Thursday, 22 November 2012

JAA Week 8: Under Construction


So this week and the next are all about constructing the dress and all the finishes that go with it.

I wont be giving a blow by blow account but I do have some in progress shots and its nice to take the time to have a think about how things are going and a forum to admit my mistakes. I am enjoying working from home as I have a good set up here with everything that I need. I did start the term by going into uni everyday right up until I had drawn out my patterns and made the toile, but space was a constant struggle and so I decided I would benefit more from my own space. This has limited the amount of tutor contact I am receiving but I have/ will be meeting up with my tutors once a week to discuss the way things are progressing.

A Long Hard Think About Work Ethics

The end of the project is in sight now and I am starting to feel the pressure mounting, this is mostly due to all the other demands on my time; I am teaching/assisting twice a week in a secondary school as I am thinking about undertaking a teaching qualification next year to teach secondary D&T textiles, and I am also working as a seamstress in the bridal shop one morning a week. I also have Roisin's birthday this week and I am making the cake for the wedding next week.

Whilst a lot of this was scheduled into my workplan at the beginning of the project, the teaching is a new addition(which I have not added to the plan!) so I am finding it harder to keep on top of everything. My solution is to ask Rebecca for an extra few days and hand in on the Friday afternoon instead of Monday morning of the 3rd, although I will still have my presentation on the Monday.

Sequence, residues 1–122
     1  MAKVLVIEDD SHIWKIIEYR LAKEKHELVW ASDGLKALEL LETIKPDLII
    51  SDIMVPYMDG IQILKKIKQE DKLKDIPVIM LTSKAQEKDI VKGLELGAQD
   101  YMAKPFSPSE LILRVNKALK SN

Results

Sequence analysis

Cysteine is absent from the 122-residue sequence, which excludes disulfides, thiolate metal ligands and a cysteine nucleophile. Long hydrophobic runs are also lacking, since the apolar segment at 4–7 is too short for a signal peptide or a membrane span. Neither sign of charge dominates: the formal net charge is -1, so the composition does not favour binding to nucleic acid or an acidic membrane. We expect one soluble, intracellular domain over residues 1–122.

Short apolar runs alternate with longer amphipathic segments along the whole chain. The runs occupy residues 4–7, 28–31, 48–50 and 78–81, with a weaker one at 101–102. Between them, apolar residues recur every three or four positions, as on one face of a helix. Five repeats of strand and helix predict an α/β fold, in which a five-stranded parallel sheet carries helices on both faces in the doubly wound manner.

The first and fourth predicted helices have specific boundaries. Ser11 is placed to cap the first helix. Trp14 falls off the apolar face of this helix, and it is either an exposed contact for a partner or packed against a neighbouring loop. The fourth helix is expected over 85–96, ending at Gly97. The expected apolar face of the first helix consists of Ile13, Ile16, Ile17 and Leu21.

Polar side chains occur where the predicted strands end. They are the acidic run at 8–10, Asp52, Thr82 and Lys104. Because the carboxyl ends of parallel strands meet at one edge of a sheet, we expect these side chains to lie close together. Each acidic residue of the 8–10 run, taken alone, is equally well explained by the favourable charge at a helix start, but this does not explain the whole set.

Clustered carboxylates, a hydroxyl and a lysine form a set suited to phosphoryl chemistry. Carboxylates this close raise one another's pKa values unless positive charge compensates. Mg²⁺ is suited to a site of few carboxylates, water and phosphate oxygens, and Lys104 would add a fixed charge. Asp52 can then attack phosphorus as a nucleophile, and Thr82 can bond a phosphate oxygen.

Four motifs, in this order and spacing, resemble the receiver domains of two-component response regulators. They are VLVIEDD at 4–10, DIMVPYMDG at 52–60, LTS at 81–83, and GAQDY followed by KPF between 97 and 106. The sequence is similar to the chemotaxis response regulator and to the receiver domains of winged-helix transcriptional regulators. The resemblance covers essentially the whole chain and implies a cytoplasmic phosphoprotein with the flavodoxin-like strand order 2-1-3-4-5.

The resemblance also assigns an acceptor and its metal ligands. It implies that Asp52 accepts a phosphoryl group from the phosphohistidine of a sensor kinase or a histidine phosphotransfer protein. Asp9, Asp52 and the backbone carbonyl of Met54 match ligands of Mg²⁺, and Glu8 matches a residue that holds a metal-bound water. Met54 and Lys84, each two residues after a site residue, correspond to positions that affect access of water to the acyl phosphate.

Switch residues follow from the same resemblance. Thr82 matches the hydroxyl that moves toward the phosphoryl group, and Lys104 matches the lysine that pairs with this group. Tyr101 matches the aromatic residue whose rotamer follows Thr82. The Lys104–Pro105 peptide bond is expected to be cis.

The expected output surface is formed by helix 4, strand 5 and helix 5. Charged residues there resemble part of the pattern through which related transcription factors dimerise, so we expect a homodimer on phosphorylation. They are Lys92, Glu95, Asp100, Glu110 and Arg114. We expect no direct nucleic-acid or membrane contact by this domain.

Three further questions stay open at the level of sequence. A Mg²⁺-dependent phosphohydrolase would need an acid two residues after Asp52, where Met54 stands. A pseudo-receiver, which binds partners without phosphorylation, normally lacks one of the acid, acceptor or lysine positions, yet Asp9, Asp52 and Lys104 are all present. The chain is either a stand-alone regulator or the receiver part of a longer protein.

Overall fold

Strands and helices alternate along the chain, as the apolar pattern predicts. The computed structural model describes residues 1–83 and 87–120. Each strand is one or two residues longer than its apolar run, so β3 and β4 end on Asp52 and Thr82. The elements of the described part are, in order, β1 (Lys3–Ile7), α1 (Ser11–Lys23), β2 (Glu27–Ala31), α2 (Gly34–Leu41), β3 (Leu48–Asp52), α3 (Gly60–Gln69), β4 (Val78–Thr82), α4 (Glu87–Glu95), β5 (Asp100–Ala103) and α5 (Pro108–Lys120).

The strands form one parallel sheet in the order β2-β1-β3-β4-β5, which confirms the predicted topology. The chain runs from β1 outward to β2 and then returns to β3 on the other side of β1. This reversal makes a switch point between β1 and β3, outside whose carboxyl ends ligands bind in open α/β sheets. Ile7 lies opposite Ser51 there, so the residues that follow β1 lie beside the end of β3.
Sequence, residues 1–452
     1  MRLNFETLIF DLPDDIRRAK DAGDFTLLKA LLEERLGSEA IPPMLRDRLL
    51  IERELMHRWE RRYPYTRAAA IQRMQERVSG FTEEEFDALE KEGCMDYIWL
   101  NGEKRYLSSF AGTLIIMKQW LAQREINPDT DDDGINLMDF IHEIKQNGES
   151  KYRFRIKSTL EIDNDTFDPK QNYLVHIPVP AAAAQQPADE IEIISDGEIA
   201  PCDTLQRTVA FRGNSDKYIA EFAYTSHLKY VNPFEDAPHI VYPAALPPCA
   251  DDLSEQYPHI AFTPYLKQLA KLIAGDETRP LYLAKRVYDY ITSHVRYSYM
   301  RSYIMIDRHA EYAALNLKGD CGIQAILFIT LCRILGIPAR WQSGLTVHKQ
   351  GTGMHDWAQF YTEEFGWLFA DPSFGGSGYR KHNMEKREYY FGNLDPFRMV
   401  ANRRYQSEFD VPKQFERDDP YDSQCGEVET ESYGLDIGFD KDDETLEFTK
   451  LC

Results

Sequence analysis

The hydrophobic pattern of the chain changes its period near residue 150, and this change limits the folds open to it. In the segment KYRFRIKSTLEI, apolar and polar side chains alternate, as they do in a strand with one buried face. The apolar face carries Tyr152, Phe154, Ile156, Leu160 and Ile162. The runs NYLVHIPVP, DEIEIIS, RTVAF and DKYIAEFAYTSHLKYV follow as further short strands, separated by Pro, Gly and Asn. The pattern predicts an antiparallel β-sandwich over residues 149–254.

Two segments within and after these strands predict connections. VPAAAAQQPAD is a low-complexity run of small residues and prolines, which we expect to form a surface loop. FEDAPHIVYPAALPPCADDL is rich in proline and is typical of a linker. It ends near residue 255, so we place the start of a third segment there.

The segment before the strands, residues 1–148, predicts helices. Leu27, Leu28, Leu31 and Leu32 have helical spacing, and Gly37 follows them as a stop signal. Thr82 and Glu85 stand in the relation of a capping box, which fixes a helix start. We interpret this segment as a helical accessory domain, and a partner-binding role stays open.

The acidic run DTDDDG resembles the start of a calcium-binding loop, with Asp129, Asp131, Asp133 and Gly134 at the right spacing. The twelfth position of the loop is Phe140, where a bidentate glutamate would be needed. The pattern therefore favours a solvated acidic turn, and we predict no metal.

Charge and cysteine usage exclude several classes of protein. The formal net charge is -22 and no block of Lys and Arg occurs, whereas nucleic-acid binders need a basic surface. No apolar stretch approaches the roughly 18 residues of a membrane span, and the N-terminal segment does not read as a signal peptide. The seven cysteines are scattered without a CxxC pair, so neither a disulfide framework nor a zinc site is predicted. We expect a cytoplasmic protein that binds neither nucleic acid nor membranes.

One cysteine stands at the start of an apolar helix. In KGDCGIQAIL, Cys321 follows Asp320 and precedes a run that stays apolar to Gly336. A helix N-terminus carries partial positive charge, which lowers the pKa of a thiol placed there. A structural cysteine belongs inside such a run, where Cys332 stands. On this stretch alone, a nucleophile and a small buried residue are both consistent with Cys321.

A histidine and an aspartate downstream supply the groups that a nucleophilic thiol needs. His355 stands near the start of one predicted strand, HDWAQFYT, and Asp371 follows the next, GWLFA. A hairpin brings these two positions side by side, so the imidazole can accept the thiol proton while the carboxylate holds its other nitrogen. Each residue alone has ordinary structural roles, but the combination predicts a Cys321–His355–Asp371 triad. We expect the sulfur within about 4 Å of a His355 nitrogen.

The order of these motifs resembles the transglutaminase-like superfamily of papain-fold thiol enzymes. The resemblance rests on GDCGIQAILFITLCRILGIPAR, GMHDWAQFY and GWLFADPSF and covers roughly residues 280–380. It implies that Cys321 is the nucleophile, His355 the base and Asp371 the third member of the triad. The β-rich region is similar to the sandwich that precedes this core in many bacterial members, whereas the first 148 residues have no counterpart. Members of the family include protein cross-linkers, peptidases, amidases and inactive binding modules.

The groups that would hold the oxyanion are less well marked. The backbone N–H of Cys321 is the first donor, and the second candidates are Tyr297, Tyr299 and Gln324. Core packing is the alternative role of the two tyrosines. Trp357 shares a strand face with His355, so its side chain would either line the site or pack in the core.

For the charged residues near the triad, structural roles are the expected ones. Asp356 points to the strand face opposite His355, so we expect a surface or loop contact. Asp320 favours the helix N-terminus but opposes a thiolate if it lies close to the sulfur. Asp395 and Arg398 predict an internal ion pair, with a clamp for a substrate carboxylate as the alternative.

Also, I have had to cancel Roisin's party and the visit this weekend by my friend and her children because I have had to be realistic about what I can achieve with my time, I don't feel too bad, in fact I feel quite liberated, in previous units I have just let the pressure pile on and on without being able to say "no". Roisin was okay, I bribed her with money instead of a party, so she was happy and I was slightly relieved, what a shame I did not have this epiphany before I offered to take on the responsibility of making a wedding cake the week before hand in.

I find with my work I am always thinking through what I have left to do and how I am going to get whats needs to be done out of the way in time. I know I have enough time to finish the dress and to finish it well. It has been a huge challenge to undertake the JAA in this unit, but I have always known that it is not beyond my limitations and when I work, especially when it is something I enjoy I give it 110% effort.